Getting our students ready for college and career is priority number one for many high school educators. We work hard every day, all year long, to give our students the skills and knowledge they need to best prepare them for the next step of their journey beyond high school.
For many of our students that next step is college.
But preparing our students for a college entrance examination can sometimes be challenging – especially since the last thing our students want to think about is taking another high-stakes test. And I’m sure you’re cringing with the mention of that word, too! However, with the implementation of ESSA, some high school students have a choice to take the ACT® and others may not.
What is the ACT?
The ACT assessment is one of the largest U.S. college entrance examinations administered to high school students. The ACT is a multiple-choice, standardized test, that is scored on a 1–36-point scale and assesses a high school student’s readiness for college. It is considered an achievement test rather than an aptitude test (as evaluated through the SAT® exam). There are four main parts: English, math, reading, and science (not found in the SAT), and an optional writing section (that is scored differently).
ESSA & The ACT Exam
Do you remember taking the ACT before going to college? I attended high school at a time that taking the ACT was optional unless I planned to go to college. High school students today might be facing a different situation, and choice may not be an option, even if they don’t plan on pursuing college after graduation.
With the implementation of the federal Every Student Succeeds Act (ESSA), more flexibility with testing was granted to states. In addition to allowing states flexibility in how they measure student success, ESSA also allows districts to use a “nationally recognized” high school test such as the SAT or ACT in place of the state’s high school exam. Edweek.org provided a breakdown of what high stakes assessments are being administered to high school students. So far:
- Twenty-five states require high school students to take either the ACT or SAT.
- Twelve of those states use the SAT or ACT for their federal accountability, and most use one of the college-admissions exams to replace their other high school assessments.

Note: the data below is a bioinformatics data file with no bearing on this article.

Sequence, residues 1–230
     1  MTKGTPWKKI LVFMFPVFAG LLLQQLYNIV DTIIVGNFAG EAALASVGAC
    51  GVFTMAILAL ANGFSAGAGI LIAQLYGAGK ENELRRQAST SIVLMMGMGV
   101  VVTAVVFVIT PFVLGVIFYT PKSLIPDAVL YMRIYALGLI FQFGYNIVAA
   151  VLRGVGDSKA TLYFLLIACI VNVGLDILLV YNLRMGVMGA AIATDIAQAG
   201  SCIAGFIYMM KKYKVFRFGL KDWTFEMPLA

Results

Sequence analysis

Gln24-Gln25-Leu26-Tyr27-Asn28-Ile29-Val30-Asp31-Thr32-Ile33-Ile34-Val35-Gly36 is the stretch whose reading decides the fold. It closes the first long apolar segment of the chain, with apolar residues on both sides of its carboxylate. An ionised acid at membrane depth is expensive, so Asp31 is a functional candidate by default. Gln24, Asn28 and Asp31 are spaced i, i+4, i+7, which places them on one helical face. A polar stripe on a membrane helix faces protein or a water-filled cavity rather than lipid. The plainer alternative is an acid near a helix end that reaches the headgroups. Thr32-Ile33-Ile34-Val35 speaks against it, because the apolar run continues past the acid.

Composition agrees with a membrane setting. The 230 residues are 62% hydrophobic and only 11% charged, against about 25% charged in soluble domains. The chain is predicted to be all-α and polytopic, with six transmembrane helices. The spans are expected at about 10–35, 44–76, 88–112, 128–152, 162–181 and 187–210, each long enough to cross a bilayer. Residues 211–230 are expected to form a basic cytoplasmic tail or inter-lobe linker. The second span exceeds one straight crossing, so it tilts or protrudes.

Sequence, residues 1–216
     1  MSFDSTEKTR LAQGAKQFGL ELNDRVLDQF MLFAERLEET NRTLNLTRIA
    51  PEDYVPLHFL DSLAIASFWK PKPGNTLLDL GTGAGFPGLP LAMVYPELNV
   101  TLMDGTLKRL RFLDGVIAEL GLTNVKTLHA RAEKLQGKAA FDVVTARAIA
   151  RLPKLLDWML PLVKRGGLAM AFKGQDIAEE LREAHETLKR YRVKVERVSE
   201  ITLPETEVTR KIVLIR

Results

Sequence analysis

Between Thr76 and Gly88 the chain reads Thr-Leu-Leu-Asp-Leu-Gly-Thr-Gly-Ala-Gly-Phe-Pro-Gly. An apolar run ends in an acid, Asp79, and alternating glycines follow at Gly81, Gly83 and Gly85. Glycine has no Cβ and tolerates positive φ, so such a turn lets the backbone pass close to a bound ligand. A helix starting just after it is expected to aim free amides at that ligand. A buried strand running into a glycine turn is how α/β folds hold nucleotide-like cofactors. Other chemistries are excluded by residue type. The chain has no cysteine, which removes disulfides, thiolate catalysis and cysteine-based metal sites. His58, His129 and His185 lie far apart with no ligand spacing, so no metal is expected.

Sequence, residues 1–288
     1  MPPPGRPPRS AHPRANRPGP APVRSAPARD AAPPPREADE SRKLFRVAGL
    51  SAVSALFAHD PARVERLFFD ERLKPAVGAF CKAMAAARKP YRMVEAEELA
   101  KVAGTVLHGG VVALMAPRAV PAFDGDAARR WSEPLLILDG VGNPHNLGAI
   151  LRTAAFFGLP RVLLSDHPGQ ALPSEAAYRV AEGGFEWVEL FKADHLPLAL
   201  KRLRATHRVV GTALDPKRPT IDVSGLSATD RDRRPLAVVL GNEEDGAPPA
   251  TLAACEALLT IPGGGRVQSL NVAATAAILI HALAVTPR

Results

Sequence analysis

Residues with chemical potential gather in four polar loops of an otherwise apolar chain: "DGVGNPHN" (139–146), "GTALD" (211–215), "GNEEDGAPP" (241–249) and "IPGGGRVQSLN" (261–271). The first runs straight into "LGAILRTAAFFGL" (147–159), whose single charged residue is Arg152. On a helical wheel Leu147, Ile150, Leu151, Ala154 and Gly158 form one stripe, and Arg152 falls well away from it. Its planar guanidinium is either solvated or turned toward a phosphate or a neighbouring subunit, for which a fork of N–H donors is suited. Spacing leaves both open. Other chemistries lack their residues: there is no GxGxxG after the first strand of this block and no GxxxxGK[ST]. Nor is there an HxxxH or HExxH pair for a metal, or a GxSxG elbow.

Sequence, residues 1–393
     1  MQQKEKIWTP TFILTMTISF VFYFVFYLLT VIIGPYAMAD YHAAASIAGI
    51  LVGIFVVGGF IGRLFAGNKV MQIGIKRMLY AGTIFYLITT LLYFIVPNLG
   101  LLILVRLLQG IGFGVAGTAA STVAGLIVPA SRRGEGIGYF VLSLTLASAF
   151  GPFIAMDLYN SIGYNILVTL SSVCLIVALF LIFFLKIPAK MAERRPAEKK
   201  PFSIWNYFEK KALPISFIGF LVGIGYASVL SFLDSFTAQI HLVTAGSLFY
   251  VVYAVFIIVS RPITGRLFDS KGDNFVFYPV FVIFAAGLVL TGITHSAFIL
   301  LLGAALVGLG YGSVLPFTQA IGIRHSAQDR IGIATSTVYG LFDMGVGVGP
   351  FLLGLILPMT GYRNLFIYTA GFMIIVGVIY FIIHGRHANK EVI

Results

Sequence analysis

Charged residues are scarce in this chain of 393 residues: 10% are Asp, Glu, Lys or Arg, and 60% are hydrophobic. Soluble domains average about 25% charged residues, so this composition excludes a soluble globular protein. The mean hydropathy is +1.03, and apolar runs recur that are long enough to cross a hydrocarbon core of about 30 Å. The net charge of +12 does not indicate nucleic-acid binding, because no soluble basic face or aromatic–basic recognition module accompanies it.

The discussion of why or why not some states are embracing using the ACT or SAT as their high school achievement test is complex and lengthy. However, it’s worth pointing out that one of the most significant hurdles states are encountering when making this decision is evaluating whether or not their state academic standards align with the college-admissions exams.
2019 –2020 Testing Dates
Students typically take the ACT in the spring of their junior year, because the content assessed is usually covered during the 11th grade. Students tend to aim for the spring date(s) so that the content is still fresh in their minds.
Some students start preparing for the ACT in their sophomore year, and of course, many seniors choose to take the assessment in the fall of their senior year. The ACT also allows students to retake the examination in hopes of getting a higher score.
Reduce Anxiety Through Preparation
Fear of the unknown is a common feeling. Giving students an overview of tips and tricks, steps to take, and actions to perform, provides a sense of familiarity and promotes a reduction in anxiety about the ACT. Odysseyware ACT Prep provides an overview introduction that includes topics such as:
- What is the ACT?
- What types of content is assessed?
- What to expect on test day?
- What are strategies for standardized testing?
Get Students Practicing with Questions
In addition to getting students acclimated with what to expect during the ACT, preparing students through the use of practice questions can minimize test anxiety. When students interact with practice questions, we can help reduce test related stress by allowing students to get familiar with how questions are structured and the type of content they will encounter. Through the use of multiple-choice questions, we can teach our students the test-taking strategies they need to be successful when facing these types of questions. Odysseyware also provides students with immediate feedback on their answer choices.
Offer Extensive Test Prep Options
We always tell our students to practice, practice, practice. As educators, we know the value of offering ample opportunities for our students to familiarize themselves with – and develop deeper meanings of – content for higher order thinking and stronger strategies of application. Odysseyware values the idea of practice, too.
How many times do we as teachers search for, and piece together, materials to offer our students an abundance of practice opportunities? With the ACT Prep class offered through Odyssewyare, students don’t get just one or two practice tests. Instead, students have the option to take up to three additional practice tests for each area! That’s four practice tests total for English, math, reading, and science!
Get in Touch!
Engage with one of Odysseyware’s experts today to address your ACT exam preparation. Odysseyware can help you establish instructional plans that benefit students, teachers, and administrators, and make sure you’re on the right path for executing your ACT prep goals.